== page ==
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Reviewed by:
  • The Reject: Community, Politics, and Religion after the Subject by Irving Goh
  • Daniel Rosenberg Nutters
Irving Goh. The Reject: Community, Politics, and Religion after the Subject. New York: Fordham UP, 2015. 362pp.

Irving Goh’s The Reject summons its titular concept as a master trope to respond to recent discussions in critical theory surrounding the fate of the subject. While Goh’s study ostensibly “concern[s] itself with eliciting and elucidating the figure of the reject that has subtended contemporary French thought” (14), his readings of theorists from Badiou, Derrida, Deleuze, Cixous, Nancy, and Rancière, along with many more, aim to show how their thought has “relevance to the contemporary world, if not future applications for it” as well as “encourage [theory] to push further its radical horizons” (4). Goh accomplishes these goals by using the reject to amalgamate, sort through, and clarify an extensive body of work and, at the same time, put that work into a productive conversation with current academic debates and our modern world, “an age of rejects” (21).

In four long central chapters, Goh cover topics such as the ethics of friendship, love, and community, the postsecular, democracy, and finally, posthumanism. Because a thorough assessment of each chapter’s contribution to its subject would require a much longer review, I find that the following passage, which I will quote at length, illuminates the exigency and flavor of Goh’s thought as well as his method of analysis and style. Discussing Melville’s Bartleby in relation to Derrida’s rogue, famous readings of that tale by Hardt and Negri, Agamben, and Deleuze, the Occupy movement, and Marcuse, Goh suggests that both Bartleby and Occupy lead toward a “nihilistic politics” that asserts sovereignty as a “subject of occupation” (190). This contention leads to the following question: “How does one put in place a thought whereby the voyou [Derrida’s rogue]—be it Bartleby or the participant of the Occupy [End Page 526] movement—is encouraged to be perhaps more radical than it already is, and walk away, and therefore prevent founding itself as a sovereign subject?” (191). Here is his response:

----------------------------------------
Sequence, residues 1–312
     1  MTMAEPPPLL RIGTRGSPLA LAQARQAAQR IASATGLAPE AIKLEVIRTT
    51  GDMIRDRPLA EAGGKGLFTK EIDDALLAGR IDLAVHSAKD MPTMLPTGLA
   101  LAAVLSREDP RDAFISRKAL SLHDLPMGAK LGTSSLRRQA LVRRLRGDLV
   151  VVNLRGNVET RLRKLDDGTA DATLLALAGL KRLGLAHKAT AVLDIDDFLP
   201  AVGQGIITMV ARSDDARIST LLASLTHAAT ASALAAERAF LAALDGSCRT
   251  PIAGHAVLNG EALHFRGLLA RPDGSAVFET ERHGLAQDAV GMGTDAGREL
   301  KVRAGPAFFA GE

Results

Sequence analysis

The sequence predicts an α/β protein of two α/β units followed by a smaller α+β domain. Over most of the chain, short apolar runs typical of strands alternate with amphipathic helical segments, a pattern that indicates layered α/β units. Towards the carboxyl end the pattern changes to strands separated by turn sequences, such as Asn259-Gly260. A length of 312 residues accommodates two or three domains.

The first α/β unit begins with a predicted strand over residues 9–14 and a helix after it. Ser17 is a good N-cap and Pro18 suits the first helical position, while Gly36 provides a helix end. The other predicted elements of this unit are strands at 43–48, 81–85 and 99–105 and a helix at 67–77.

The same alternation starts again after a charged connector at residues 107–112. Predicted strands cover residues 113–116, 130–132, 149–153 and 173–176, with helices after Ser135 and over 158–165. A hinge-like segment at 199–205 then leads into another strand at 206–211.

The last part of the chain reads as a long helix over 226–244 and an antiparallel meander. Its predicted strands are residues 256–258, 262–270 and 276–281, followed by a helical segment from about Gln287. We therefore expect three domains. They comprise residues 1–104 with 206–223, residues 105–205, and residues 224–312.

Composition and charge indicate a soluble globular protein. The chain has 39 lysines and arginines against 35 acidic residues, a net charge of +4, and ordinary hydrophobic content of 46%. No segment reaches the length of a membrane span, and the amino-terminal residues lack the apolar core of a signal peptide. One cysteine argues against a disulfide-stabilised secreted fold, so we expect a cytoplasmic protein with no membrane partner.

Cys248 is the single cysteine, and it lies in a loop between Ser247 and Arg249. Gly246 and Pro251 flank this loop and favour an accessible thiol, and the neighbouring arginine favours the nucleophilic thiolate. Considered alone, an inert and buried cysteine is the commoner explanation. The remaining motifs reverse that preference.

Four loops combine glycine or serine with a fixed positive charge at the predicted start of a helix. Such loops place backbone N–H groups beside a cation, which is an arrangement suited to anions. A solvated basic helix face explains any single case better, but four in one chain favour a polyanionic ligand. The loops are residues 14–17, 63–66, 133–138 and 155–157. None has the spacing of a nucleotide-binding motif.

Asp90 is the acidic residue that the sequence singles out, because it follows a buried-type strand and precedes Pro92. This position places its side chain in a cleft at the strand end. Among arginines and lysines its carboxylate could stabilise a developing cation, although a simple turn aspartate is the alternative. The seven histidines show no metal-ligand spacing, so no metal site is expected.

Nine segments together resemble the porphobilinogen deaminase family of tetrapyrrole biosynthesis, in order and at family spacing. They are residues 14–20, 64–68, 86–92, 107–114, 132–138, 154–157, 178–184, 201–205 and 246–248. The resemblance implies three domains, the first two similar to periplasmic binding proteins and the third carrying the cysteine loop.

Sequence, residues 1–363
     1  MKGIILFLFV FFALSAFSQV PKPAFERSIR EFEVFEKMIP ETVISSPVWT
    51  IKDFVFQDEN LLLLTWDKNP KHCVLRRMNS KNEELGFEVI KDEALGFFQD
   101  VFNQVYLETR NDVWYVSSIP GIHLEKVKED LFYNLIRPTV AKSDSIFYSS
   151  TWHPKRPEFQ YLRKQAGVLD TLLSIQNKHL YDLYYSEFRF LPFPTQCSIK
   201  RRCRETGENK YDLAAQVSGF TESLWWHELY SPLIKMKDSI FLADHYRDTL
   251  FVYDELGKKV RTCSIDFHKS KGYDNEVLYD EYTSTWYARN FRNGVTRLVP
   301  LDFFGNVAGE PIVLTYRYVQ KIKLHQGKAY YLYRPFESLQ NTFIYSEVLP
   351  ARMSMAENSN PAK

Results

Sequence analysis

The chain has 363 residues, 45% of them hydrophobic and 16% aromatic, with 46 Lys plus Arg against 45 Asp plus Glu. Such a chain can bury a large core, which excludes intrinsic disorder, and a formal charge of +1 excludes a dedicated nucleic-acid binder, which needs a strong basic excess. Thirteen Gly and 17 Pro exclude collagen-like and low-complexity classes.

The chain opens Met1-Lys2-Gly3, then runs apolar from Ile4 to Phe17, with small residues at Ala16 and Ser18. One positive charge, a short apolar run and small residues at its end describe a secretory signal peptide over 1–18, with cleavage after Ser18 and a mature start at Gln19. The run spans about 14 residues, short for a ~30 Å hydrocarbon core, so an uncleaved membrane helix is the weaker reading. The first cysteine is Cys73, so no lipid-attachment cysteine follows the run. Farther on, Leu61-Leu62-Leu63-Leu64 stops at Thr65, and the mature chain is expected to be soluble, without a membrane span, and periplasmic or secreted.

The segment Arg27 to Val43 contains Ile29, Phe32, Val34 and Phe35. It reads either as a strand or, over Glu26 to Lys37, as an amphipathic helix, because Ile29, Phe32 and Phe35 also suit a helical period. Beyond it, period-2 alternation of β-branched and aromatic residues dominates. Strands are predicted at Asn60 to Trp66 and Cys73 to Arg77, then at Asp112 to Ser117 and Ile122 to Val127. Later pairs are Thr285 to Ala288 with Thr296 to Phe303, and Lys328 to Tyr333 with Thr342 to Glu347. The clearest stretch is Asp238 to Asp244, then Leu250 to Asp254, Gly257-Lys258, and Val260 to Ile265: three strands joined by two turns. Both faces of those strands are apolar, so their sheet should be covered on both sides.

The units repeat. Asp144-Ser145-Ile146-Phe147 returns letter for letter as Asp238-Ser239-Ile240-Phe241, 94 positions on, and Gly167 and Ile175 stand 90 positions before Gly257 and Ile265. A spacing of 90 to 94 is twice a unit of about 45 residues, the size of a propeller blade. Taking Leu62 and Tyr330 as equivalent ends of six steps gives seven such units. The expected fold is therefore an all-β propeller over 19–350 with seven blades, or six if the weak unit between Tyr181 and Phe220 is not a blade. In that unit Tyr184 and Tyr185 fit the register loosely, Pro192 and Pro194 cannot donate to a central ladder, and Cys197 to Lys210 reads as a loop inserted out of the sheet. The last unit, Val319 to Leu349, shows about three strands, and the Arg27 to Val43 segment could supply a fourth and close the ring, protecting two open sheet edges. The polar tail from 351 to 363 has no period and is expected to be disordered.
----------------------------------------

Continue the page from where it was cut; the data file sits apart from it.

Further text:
The Occupy movement, consisting of the 99% that are refused adequate economic resources or economic equality because of unequal wealth distribution, implicitly claims itself to be a multitude of rejects. Bartleby is no less a reject either [because] he is largely sidelined by his fellow copyist. At first sight, then, both Bartleby and the multitude that makes up the Occupy movement are already rejects in the passive sense. But there is no doubt that they bear the second turn of the active reject too, when Bartleby projects his force of rejection through his enunciation of I would prefer not to, and when the 99% decide to occupy public places to manifest their discontent of being denied the wealth the 1% enjoy. At this point, I note once again that it is usually the overprojection of the active force of rejection, first against the oppressive forces, then against whoever or whatever is in its vicinity…that one witnesses the claims to the foundation of a sovereign subject. This is why it is important to put in place the third turn of auto-rejection in order to prevent any (re)articulation of the subject. In other words, in the case of Bartleby especially, after the first enunciation of I would prefer not to in the face of the demand to quit the premises, the reject must know how to auto-reject by not allowing his or her gesture of occupation to become a singular, monolithic, fixed strategy. He or she must know how to walk away from the strategy, and that is perhaps how the (auto-)reject will always be a shock to the system or to the political order, and also prevent its interpellation by the police. … It is via such a movement that the reject can continue to carry out political rejection in ways unanticipated and incalculable. That means to say that the fight is not over for the reject when it walks away: instead, it seeks out other, better, effective, and life-affirming means. At times, the ends might change or even...


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pp. 526-528
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